Whatever wrong the late Sen. Ted Kennedy had done earlier in his life, George Mason University professors Hugh Gusterson and Allison Macfarlane are satisfied the youngest of the Kennedy brothers subsequently redeemed himself in the Senate. "He might have been flawed, but he was also passionate and righteous," Gusterson said.
He was probably echoing the views of the 150-strong crowd who had gathered at the heart of Washington D.C in a hastily arranged candlelight vigil for the late Senator Wednesday evening. For an hour or so, the north side of the Dupont Circle fountain turned into a makeshift memorial for the late senator from Massachusetts.
"I only emailed a few people about this vigil at about 11 this morning," said Tom Matzzie, 34, a political consultant who used to work for MoveOn.org. But by late afternoon, a facebook event was also created. Word of the vigil had also spread over Twitter feeds and various Web sites, including Politico.
A somber affair with lit candles, signs prepared by organizers and songs sung in remembrance of Sen. Kennedy's public service, it was a gathering of people of all ages. There were the seniors, such as 77-year-old Eric Cox. "There are many politicians who share my progressive political values," he said. "But there are not many like Ted Kennedy: hardworking and efficient."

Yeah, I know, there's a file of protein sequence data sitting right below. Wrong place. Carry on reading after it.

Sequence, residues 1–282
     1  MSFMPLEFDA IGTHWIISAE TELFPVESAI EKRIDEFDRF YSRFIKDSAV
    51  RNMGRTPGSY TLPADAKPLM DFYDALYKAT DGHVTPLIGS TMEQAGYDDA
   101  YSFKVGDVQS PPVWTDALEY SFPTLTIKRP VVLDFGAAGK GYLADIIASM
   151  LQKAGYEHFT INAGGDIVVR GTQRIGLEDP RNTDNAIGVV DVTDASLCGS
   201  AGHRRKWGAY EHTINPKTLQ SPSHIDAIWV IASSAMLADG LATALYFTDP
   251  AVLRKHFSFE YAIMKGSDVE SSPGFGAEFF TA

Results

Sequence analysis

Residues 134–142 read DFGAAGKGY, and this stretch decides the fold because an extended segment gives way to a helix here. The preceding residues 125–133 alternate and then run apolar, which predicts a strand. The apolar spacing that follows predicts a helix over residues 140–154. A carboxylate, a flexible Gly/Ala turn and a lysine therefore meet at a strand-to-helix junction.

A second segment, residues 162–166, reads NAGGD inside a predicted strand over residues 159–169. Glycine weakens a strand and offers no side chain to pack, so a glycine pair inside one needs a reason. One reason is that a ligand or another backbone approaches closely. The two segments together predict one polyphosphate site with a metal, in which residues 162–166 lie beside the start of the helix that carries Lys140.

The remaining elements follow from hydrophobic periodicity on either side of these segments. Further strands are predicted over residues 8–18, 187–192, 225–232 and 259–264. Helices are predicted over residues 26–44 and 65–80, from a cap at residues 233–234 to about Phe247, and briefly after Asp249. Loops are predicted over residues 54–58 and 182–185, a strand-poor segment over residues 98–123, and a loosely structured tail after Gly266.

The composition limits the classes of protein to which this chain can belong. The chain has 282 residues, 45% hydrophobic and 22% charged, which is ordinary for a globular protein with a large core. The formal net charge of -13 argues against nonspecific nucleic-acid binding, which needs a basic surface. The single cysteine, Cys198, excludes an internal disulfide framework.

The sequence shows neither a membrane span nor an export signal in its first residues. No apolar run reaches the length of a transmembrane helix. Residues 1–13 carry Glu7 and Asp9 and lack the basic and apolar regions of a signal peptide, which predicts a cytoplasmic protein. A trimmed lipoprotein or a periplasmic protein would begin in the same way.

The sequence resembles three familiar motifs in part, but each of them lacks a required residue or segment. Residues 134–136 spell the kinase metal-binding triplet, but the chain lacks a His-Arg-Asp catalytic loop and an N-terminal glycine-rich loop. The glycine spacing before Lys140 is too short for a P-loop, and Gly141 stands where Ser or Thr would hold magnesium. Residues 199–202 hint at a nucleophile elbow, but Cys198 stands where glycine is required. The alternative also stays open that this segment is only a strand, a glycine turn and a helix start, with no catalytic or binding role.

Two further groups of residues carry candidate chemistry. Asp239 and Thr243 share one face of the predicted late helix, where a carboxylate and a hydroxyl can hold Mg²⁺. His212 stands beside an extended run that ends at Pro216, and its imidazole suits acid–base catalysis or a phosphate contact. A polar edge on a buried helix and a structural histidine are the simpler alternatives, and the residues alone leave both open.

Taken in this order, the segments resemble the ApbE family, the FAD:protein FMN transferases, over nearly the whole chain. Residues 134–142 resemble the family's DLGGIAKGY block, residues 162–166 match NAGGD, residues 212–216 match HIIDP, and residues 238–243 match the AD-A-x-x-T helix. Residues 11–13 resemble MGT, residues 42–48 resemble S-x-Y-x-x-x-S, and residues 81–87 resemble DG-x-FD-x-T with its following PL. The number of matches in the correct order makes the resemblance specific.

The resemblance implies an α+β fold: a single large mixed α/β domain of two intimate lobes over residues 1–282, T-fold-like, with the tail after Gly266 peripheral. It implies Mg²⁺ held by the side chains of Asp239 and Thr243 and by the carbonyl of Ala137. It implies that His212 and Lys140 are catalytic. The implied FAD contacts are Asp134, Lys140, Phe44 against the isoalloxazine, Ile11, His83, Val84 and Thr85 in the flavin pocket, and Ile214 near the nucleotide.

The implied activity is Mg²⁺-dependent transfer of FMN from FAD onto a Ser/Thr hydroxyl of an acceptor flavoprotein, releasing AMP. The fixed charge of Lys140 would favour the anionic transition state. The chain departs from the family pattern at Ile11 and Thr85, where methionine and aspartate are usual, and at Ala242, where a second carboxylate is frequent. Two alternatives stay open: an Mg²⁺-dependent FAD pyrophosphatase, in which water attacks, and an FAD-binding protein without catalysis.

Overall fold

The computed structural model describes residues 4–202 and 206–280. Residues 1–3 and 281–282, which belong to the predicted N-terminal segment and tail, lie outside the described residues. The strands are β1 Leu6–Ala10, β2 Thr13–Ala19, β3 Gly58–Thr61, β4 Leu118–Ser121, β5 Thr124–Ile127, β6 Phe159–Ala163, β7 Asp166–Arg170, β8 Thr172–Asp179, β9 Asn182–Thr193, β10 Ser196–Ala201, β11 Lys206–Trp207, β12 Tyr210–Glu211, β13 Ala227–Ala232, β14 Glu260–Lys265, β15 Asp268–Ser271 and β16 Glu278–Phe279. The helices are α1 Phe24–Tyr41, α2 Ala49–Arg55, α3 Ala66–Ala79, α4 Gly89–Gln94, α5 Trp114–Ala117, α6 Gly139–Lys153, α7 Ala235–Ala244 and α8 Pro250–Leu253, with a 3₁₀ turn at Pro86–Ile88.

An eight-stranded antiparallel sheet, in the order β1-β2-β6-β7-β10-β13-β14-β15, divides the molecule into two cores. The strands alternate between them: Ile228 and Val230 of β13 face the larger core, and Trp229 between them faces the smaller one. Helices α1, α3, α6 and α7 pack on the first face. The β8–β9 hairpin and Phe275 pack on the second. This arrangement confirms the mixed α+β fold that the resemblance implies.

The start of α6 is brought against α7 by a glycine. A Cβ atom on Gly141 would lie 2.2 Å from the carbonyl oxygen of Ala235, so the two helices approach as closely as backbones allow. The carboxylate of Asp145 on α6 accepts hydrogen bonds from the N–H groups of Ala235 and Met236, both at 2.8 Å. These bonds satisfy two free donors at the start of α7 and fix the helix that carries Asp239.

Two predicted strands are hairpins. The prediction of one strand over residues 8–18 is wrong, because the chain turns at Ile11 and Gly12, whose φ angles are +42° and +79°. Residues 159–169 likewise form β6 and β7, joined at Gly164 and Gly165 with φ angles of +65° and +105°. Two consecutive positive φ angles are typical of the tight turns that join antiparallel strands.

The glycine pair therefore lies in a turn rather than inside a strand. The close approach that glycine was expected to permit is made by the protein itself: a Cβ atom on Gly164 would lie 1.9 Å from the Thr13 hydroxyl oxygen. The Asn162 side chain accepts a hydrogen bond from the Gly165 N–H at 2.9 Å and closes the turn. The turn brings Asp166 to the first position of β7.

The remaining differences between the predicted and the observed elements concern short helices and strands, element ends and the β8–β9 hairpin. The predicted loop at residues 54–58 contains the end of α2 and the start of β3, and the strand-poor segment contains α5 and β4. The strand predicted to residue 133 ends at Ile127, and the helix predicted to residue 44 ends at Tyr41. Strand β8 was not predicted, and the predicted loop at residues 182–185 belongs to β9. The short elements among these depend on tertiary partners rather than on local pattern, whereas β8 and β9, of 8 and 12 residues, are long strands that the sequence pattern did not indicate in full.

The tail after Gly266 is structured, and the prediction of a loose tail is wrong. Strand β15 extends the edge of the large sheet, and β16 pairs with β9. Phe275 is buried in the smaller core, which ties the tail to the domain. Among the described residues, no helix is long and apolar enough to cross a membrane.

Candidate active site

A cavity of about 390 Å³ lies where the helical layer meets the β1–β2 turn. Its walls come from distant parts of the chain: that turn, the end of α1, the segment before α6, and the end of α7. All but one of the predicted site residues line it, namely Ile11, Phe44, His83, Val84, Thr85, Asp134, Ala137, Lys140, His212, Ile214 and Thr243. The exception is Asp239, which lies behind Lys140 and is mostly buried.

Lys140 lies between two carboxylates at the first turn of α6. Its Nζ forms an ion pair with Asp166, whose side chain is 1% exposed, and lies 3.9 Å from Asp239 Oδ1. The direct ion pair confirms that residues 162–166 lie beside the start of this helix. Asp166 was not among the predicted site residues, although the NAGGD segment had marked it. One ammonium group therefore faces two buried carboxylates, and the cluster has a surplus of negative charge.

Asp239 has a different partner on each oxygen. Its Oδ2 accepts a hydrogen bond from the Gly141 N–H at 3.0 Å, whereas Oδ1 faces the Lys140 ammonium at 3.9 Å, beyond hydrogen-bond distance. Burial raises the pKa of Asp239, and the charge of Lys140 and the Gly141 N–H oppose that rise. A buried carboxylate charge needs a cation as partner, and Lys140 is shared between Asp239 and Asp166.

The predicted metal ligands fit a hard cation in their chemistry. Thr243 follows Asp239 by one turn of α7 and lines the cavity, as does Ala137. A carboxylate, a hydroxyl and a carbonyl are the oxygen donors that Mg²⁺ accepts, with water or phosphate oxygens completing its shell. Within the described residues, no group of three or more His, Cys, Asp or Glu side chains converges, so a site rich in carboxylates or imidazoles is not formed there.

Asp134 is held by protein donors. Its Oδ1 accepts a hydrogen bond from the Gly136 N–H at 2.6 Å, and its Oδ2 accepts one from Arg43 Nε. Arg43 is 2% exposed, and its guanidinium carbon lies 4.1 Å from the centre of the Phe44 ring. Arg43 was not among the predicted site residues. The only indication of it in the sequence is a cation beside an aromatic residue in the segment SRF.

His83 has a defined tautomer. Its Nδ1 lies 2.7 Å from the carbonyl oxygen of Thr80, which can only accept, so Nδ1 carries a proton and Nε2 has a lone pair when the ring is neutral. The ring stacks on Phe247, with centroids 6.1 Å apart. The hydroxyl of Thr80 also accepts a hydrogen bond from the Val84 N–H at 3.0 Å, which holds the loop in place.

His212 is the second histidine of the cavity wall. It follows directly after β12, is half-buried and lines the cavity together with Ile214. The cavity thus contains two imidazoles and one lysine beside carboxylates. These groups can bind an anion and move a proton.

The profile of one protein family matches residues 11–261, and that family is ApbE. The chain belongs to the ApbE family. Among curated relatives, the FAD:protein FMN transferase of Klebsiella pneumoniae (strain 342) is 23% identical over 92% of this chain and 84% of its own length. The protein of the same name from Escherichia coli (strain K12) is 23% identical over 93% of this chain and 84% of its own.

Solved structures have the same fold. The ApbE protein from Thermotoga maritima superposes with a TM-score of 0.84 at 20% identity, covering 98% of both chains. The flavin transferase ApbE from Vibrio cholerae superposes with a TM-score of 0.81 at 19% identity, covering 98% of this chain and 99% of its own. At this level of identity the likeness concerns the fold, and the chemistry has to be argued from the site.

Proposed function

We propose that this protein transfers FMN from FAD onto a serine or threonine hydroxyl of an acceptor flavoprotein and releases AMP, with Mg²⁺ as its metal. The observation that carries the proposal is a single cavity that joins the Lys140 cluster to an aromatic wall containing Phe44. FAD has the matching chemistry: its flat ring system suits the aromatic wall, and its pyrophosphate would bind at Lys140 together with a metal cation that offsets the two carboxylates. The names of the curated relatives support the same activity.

Then there were Gusterson and Macfarlane. The married couple, who lived in Massachusetts when they were professors at MIT from 1992-2006, came with their two children in tow. "In Sen. Kennedy, we have lost a voice who can frame [the health care reform] as a moral issue," said Gusterson, 50.
Admiration for Sen. Kennedy also extends to the rest of the Gusterson family. "We were in the car and the kids were as usual, not interested in what we were listening on NPR," the older Gusterson said, "But when Kennedy's voice came on, it arrested Graham's attention enough for him to ask about the Senator."
"His voice was just weird," the younger Gusterson, 7, said sheepishly. "He sounded old, but also in some ways, young."
This article available online at: